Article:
As Arena International’s Clinical Trial Supply Europe conference gets underway this week in Milan, Italy, Clinical Trials Arena will shine a spotlight on the clinical supply chain. With processes in the supply chain becoming more and more intricate, CTA will provide all the answers for professionals looking to navigate through what is a complex landscape.

Be sure to visit CTA later today when Sylvia Haller of N-SIDE explains the advantages of portfolio-level business intelligence dashboards for clinical supply management. On Tuesday, CTA Editor Henry Kerali speaks to Pilatus Clinical Services about the challenges of comparator sourcing. There’s also a feature from Intercept Pharmaceuticals’ Evan Wohl who outlines key approaches when choosing and applying IRT systems.

Later in the week, Matthew Moyer of MSD examines how the use of mobile health technologies can make the idea of smart clinical trials a reality. Meanwhile, Tania Snioch (GS1) and regular contributor Hedley Rees (Pharmaflow) each explore opportunities to improve clinical supply chain processes. So as you can tell, a wide range of issues will be given the spotlight on CTA this week, so don’t miss out!

But first, catch up on some of CTA’s most recent stories delving into the current issues and concerns involving the clinical supply chain… (click on the headline to finish reading).

The Art of Supply and Demand Planning

As clinical studies and demand signals become more complex, and supply networks and operations more diverse, the need for supply chain organizations to ‘do more with less’ continues to be an emphasis. Those groups which set themselves up for success in this dynamic landscape are rewarded with competitive advantage and better outcomes for patients. The following article outlines approaches to the necessary demand and supply planning, modeling, and execution required to achieve and sustain high-level clinical supply chain performance.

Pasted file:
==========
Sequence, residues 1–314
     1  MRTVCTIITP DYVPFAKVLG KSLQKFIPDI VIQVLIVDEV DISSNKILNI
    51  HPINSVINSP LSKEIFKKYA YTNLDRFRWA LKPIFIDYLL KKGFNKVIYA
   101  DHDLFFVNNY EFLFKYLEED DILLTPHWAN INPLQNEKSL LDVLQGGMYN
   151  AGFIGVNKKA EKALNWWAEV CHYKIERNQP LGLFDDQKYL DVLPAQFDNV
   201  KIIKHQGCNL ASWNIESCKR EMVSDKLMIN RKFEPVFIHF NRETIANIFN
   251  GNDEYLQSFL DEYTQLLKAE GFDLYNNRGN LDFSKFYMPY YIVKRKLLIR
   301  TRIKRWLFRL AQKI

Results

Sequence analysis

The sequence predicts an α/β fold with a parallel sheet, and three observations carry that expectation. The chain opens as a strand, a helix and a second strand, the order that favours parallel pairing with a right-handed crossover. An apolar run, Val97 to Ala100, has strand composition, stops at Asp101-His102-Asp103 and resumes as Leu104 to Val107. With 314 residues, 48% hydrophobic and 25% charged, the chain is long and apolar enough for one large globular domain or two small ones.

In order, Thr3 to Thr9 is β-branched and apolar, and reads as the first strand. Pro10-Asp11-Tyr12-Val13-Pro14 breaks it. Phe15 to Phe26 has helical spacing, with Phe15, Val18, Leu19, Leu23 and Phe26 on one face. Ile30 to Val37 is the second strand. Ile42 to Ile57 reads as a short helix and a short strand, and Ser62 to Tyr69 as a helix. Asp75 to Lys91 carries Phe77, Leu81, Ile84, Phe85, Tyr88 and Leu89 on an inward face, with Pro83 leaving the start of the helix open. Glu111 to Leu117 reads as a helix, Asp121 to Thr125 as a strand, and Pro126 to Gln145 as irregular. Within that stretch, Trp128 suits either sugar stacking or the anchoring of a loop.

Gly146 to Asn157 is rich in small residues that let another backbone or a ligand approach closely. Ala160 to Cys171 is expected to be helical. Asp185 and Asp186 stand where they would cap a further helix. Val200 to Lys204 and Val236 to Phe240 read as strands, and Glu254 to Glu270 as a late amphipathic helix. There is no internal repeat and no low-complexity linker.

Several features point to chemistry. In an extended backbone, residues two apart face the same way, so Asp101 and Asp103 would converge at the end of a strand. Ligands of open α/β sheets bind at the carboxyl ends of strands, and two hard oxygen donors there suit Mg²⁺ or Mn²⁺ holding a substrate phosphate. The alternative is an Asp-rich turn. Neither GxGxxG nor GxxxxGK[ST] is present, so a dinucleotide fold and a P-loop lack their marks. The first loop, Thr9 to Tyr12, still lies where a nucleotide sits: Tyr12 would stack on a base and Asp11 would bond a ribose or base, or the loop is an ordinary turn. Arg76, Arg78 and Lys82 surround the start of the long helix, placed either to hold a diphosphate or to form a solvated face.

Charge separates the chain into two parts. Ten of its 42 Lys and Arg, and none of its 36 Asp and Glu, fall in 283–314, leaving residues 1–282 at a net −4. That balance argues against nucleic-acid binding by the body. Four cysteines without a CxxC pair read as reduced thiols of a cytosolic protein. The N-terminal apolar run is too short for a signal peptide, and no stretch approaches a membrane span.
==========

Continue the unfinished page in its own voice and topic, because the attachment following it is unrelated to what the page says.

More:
Designing Pediatric Investigational Medicinal Products for In-Home Use

Pediatric clinical trials are unique in that not only do you need to consider the patient, but also the caregiver of the preparation, dosing and administration of investigational products.

When planning clinical supplies, there are also other factors relating to neonates, infants, children, and adolescents that do not normally apply to adult populations.

This article will present factors to consider when designing supplies for caregivers, having critical discussions and communications with the physicians responsible for protocol development, and ensuring that solutions are considered for situations likely to occur in the trial.

Simplifying a Complex Environment: Items to Consider When Building an Interactive Response Technology System

A universal truism across all commerce is that automation can be an extremely powerful tool, however, if not designed, configured and managed appropriately, it can yield disastrous results. There is perhaps, no space in which this is truer than that of the BioTech/Pharmaceutical industry. With drug and product development costing upwards of $2.5 billion to go from discovery to market, and a very short window to earn back investment capital and profit prior to losing patent protection, companies have to ensure that the right decisions are made the first time at every single step1.

GMP Compliance in Multi-Use Facilities: Defining Strategies to Maximize Usage from Pilot GMP Facilities

Patients in early phase clinical trials deserve the best quality product we can give them. This is particularly true for trials of products like vaccines, which are given to healthy people.

Yet the manufacturing of clinical trial supplies, especially for biologicals, poses some challenges which are different to those associated with preparing licensed products. For example, clinical materials for early phase trials (Phase I & II) are not usually made in dedicated facilities with dedicated equipment. Whether they are manufactured in-house or by a contract manufacturing organization (CMO), it is not feasible to build a new facility for a Phase I product – given that only a fairly small proportion of Phase I products make it to licensure.